Archive for the ‘licences’ Category

Adverse possession: death of licensor terminates a licence

June 26, 2017

The facts of Hsieh Haw Shane Gary v Chang Ho Ying ([2017] HKEC 1246) illustrate that a licensor’s death terminates a licence to occupy land.

Madam Chang was registered as the owner of a flat (‘the flat’). She died intestate in 1966. Letters of Administration were granted to Mr. Chang, her husband, in 1967. He was solely beneficially entitled to the flat but the legal title was never assigned into his name.

Mr. Chang married Madam Lee in 1970. He died intestate in 1984. Madam Lee did not seek Letters of Administration de bonis non in respect of Madam Chang’s estate. Madam Lee took possession of the flat on her husband’s death and rented it out.

Madam Lee moved to Malaysia in 1998. She gave the keys to the flat to her son, Gary. Gary paid all of the expenses in respect of the flat and collected the rents from then on. Madam Lee died in 2002.

The question was whether Gary had acquired title by adverse possession by 2013 when the flat (and the whole building of which it formed part) was acquired by a developer pursuant to the Land (Compulsory Sale for Redevelopment) Ordinance (Cap. 545).

Mr. Chang’s death in 1984 brought an end to any licence that he may have granted to Madam Lee. Gary began a new period of possession in his own name when he was given the keys and managed the property from 1998. He had therefore been in adverse possession for more than twelve years by 2013.

Gary had defeated Madam Chang’s title and he was entitled to the proceeds of sale of the flat.

Michael Lower

No tenancy where there is no intention to create legal relations or where the landlord is not excluded

November 17, 2014

In Heslop v Burns ([1974] 1 WLR 1241, CA) T allowed a family (Mr and Mrs Burns) to live rent-free in a house he owned for many years. He covered all of the outgoings. This action was inspired by sympathy and affection for them. When T died, his executors argued that they were licensees and sought to evict them. Mr and Mrs Burns argued that they had been tenants at will. If this succeeded, they would be able to rely on the Limitation Act 1939 to resist eviction.

The Court of Appeal found that they were licensees and not tenants. There was no intention to create legal relations; the arrangement was an instance of ‘generosity on a very large scale’ (Roskill LJ at 1249). Roskill LJ observed:

‘a licence will be more readily inferred than a tenancy at will first where the advantage given to the suggested “tenant” is obviously intended to be personal to him, and secondly, following what Denning L.J. subsequently pointed out in Facchini v. Bryson [1952] 1 T.L.R. 1386 , 1389, where there has been something in the circumstances, such as a family arrangement, an act of friendship or generosity, or such like, to negative any intention to create a tenancy.’ (at 1248 – 9)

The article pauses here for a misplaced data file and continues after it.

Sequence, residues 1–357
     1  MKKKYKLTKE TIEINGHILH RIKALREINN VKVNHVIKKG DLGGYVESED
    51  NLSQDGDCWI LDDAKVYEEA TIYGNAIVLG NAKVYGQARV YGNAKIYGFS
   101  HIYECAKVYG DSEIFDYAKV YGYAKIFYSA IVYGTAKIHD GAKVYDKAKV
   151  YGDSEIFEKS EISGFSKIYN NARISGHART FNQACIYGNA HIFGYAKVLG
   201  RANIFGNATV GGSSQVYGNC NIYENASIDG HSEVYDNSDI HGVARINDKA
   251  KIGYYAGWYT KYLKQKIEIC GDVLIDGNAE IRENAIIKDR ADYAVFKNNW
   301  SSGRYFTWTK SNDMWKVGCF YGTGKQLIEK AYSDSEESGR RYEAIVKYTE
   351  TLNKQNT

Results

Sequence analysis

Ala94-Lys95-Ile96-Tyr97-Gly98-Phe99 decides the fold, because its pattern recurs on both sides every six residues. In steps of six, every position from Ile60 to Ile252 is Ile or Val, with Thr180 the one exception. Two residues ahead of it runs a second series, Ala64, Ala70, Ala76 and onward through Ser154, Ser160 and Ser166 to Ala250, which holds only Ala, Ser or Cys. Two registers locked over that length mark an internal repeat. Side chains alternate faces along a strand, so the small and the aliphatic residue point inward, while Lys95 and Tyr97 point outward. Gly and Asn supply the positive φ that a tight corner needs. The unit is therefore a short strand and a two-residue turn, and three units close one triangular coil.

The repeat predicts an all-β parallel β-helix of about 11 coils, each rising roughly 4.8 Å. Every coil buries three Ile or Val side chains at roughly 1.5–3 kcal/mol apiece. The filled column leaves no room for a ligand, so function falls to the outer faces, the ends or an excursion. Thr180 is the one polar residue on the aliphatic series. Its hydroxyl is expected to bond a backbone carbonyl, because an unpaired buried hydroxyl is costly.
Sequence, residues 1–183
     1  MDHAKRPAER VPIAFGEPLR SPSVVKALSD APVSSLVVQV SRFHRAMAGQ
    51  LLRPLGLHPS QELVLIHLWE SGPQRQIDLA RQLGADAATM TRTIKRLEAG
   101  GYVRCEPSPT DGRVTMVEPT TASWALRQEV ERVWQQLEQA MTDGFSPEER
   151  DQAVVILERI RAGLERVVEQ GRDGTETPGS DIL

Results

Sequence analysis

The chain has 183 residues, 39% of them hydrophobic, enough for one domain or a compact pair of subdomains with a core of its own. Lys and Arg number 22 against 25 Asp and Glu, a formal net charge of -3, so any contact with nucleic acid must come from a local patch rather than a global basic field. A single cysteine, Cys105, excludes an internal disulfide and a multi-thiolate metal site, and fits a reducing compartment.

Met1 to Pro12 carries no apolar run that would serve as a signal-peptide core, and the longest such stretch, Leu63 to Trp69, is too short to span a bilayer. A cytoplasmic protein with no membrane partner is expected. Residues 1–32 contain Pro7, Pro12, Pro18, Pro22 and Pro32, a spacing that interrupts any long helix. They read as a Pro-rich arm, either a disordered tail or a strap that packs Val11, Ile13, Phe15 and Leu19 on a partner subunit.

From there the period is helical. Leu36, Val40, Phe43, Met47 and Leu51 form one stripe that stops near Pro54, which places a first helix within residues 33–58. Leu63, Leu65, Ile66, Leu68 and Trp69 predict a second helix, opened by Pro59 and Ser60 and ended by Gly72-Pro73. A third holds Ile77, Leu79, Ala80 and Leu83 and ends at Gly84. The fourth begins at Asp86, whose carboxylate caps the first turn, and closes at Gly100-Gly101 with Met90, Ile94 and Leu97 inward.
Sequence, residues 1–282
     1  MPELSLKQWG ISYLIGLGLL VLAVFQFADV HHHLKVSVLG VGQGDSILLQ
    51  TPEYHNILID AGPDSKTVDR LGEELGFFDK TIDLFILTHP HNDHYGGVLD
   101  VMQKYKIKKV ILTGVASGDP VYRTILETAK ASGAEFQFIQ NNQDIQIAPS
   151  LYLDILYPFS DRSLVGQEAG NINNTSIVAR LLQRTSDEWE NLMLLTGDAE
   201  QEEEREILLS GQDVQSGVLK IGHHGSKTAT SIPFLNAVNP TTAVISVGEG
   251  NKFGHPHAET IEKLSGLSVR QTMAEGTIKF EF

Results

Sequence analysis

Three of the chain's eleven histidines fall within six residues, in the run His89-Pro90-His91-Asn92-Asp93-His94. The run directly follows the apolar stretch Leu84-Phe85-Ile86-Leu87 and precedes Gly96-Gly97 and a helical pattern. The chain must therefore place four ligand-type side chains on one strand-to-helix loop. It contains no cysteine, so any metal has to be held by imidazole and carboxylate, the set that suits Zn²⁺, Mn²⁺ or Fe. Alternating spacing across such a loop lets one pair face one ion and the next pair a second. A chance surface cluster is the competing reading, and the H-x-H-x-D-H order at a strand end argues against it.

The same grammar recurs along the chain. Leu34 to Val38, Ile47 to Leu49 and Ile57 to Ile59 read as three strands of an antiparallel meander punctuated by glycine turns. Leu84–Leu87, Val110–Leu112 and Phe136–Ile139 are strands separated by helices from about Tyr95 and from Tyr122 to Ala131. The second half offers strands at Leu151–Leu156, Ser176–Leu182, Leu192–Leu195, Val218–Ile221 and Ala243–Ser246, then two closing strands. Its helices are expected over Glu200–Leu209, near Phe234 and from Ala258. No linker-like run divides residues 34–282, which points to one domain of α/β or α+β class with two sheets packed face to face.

Further, the evidence showed that T felt entitled to come and go to the property as he pleased; there was no intention that his right to possess should be excluded by the arrangement.

Michael Lower

‘Licence’ pending completion of agreement for lease: A Street v Mountford exceptional case?

May 27, 2013

In Cameron Limited v Rolls-Royce plc ([2007] EWHC 546 (Ch)) RR was C’s tenant (with the benefit of two leases contracted out of Part II of the Landlord and Tenant Act 1954). The parties exchanged agreements for the grant of two further leases of the same properties, also to be contracted out of the 1954 Act security of tenure provisions). The agreements were conditional on the obtaining of the necessary court order sanctioning the contracting out and on obtaining the superior landlord’s consent to the proposed leases. In the meantime, RR was to remain in possession pursuant to licences contained in the agreements for lease.

It was accepted that these licences gave RR exclusive possession for a term at a rent. Did the licence agreements actually give rise to leases?

The court held that they did not. They fell within one of the exceptions identified by Lord Templeman in Street v Mountford. The licences were not ‘stand-alone’ arrangements but formed part of a bigger picture. Mann J. said:

‘As I have said, Mr. Small accepted that if the licence did not fall to be treated as a stand-alone document, then the vendor/purchaser exception to the prima facie Street v. Mountford position would obtain. He is right to accept that. I have come to the conclusion that this is plainly a case of a licence being granted in the context of the acquisition of the larger interest and, as such, the nature of the interest granted by Cameron and obtained by Rolls-Royce under the agreement itself and pending the grant of the lease is that of a licence only.’ ([26])

Michael Lower

Exclusive occupation: licence granted as part of a ‘bigger picture. Lease or licence?

May 22, 2013

In Street v Mountford ([1985] A.C. 809, HL) Lord Templeman said:

”To constitute a tenancy the occupier must be granted exclusive possession for a fixed or periodic term certain in consideration of a premium or periodical payments.’ (818)

In two passages, however, Lord Templeman points out that there are exceptional cases where these factors are present but there is no tenancy. In the second of these, he says:

‘The intention to create a tenancy was negatived if the parties did not intend to enter into legal relationships at all, or where the relationship between the parties was that of vendor and purchaser, master and service occupier, or where the owner, a requisitioning authority, had no power to grant a tenancy.’ (821)

The ‘vendor and purchaser’ exception was explored in Essex Plan Ltd v Broadminster ((1988) 56 P & C.R. 353). In that case, the relevant agreement granted the occupier the right to call for the grant of a lease. During the option period, and until the option was exercised (if it was), the occupier had the benefit of a licence. The option was never exercised, but the occupier contended that the licence satisfied the Street criteria and was, in fact, a lease.

This argument failed. Although the Street factors were present, the licence fell within the vendor and purchaser exception. Hoffmann J. took the opportunity to explain the underlying rationale: